Drums usher in Spurlock’s centennial

The Spurlock Museum marked its 100th anniversary Friday and celebrated the centennial Saturday from noon to 4 p.m.

In 1911, the University Board of Trustees created a pair of museums: one of classical cultures and one of European cultures, said Kim Sheahan, the assistant director of education at the Spurlock

Museum.

Since then, the two museums expanded and moved from Lincoln Hall into their own building under a single name: The Spurlock Museum.

Wayne Pitard, the director of the museum, said its creation was former University President Edmund James’ idea and that its current exhibits would make him very happy.

“He felt it was important for the University to have museums to introduce other cultures to students here,” Pitard said. “He strongly advocated international understanding … so we opened up here (in) 2002, and we have exhibits dealing with five other continents of the world. It generally is a world’s cultures museum which would make President James … very proud of what this museum has become over the century.”

Pitard added that the Spurlock Museum is planning on expanding its current exhibits and adding additional galleries to further showcase the international regions on display.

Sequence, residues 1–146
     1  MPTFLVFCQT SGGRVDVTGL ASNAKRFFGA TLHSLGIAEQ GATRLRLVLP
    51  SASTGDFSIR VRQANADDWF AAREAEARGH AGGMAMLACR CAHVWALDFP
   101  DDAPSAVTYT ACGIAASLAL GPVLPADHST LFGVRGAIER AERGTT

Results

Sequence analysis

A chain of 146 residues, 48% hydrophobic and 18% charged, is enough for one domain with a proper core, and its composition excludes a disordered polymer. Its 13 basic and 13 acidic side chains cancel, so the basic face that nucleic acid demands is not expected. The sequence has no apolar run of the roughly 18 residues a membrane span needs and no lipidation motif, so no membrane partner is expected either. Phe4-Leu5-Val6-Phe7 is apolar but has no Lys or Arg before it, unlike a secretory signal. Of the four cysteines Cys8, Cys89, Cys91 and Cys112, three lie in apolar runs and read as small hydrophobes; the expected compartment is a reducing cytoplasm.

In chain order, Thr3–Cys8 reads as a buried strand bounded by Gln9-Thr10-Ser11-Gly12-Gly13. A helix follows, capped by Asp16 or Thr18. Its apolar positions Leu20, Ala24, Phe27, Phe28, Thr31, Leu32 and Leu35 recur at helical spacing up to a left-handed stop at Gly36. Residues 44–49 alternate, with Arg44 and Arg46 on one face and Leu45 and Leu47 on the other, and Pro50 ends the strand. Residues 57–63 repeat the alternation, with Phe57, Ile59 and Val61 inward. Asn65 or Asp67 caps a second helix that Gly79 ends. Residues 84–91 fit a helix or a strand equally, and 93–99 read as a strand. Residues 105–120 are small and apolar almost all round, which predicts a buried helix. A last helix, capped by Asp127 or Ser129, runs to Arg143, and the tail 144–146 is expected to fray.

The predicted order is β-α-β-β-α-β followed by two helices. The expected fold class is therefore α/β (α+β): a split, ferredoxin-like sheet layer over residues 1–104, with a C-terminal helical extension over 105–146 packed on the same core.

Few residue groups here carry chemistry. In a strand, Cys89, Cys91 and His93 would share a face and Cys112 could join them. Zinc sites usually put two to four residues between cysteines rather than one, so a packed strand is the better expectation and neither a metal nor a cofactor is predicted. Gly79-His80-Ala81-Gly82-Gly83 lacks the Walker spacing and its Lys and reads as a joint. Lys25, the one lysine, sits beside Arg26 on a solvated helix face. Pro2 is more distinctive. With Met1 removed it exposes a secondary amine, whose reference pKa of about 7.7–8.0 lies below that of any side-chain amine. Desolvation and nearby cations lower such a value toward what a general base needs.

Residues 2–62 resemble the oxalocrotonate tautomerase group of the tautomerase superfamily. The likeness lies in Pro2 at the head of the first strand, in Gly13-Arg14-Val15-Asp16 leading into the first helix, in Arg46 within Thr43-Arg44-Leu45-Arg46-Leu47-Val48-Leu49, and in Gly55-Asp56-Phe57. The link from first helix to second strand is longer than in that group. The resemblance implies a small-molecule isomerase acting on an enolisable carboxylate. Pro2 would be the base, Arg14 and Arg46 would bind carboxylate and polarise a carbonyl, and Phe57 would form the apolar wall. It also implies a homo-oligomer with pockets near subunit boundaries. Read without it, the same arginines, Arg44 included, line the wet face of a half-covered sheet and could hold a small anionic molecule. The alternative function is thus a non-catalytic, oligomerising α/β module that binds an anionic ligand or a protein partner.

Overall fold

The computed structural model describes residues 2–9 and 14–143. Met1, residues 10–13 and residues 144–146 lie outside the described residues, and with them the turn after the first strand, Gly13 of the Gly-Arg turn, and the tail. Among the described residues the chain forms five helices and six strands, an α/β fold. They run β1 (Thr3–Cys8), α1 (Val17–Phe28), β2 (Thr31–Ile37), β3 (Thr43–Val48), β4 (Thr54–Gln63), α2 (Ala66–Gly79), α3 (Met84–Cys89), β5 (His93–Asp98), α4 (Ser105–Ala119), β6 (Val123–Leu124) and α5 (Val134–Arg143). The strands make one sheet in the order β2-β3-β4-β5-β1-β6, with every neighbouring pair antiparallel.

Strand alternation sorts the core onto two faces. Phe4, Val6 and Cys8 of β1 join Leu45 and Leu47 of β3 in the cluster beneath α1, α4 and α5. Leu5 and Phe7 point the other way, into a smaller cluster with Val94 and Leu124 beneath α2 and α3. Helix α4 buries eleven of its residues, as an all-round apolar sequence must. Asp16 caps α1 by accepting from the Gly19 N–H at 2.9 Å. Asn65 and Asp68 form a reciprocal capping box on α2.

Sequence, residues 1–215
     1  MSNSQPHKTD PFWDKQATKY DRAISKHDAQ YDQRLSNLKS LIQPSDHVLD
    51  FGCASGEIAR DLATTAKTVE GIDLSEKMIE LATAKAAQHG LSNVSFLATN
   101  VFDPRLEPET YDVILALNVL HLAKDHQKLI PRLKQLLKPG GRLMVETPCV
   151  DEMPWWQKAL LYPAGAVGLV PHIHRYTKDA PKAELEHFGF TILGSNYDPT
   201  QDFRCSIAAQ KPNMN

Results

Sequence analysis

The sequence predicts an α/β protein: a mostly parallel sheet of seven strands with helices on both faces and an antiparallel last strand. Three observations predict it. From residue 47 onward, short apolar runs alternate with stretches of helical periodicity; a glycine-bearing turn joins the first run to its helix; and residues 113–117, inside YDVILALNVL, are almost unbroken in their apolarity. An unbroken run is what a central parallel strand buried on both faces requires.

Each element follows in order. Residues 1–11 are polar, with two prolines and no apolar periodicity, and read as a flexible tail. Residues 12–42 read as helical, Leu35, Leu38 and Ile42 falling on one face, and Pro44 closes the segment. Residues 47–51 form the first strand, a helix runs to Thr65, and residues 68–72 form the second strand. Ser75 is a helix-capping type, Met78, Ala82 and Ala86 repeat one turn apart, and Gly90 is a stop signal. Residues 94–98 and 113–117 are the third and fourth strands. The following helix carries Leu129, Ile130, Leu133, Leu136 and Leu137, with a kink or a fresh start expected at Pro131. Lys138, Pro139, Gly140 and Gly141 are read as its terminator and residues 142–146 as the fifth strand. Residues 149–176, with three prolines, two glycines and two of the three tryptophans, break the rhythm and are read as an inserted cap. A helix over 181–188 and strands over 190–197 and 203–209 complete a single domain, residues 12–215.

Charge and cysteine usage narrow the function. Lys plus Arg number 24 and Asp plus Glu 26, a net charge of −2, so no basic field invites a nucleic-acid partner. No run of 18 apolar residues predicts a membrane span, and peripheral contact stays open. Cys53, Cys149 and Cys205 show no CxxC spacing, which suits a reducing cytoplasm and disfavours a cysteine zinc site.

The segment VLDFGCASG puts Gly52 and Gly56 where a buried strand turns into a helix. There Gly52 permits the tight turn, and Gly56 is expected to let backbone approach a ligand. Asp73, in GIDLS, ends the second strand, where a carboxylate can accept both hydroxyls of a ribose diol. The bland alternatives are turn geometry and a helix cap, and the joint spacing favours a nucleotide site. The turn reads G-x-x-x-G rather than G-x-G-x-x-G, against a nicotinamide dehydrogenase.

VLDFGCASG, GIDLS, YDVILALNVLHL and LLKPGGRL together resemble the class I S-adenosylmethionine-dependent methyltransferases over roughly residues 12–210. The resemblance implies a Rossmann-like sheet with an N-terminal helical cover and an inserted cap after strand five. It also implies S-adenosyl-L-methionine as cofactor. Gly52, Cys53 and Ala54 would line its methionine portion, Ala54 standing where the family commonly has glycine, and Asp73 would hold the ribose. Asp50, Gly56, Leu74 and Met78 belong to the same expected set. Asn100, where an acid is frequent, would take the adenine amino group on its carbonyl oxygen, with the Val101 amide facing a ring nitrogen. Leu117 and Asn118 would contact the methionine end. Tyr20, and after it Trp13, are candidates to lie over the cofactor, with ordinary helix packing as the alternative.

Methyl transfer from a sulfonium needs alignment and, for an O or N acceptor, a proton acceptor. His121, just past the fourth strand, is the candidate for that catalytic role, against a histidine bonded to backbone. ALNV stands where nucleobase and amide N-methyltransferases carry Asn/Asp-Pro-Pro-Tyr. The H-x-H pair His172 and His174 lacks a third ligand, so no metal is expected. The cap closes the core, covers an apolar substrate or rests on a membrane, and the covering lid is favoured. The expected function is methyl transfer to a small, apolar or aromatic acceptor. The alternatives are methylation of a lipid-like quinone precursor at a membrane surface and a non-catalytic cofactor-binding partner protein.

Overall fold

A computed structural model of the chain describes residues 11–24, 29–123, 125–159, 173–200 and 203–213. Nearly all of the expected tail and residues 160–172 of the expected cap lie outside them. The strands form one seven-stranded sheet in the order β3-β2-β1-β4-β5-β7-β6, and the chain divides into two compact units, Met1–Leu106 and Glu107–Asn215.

“We actually got an expansion campaign that we will be beginning over the next year,” Pitard added. “Our idea is to increase the number of cultures that we can introduce people to.”

For the birthday celebration, the Spurlock Museum had five stations for people to enjoy.

One station was a food tent where people could have birthday treats from different countries, including Australian fairy bread, Korean candy, Egyptian sesame sticks and all kinds of beverages.

Another station was for children to play games at the European culture section of the museum and at the Asian culture one. Children could also decorate birthday cards to congratulate Spurlock on its 100th birthday.

At 1 and 2 p.m., the museum organized a Japanese drum performance called Taiko drumming in the auditorium, which was an addition to the museum exhibit “Warriors, Guardians and Demons.”

Then, at 3 p.m., there was a storytelling section about Japanese legends and stories by local performer Dan Keding.

Sheahan said the Spurlock Museum has been planning the event for four years.

“(The planning) included not only a year’s worth of events,” Sheahan said. “A lot of things had to come together and it took a long time to do it … So, we are really glad that we started early.”

Attendee Karen Barnes, of Champaign, said the event provided a way for families to enjoy their time together.

“It is really great,” Barnes said. “It is a great event and we were excited hearing about it.”

Sheahan said the museum’s survival over the years was possible due to people’s support.

“It is a wonderful thing,” Sheahan said. “In fact, over the years there have been good amounts of money and bad amounts of money, but we have survived a lot of it because of friends like people who are here today.”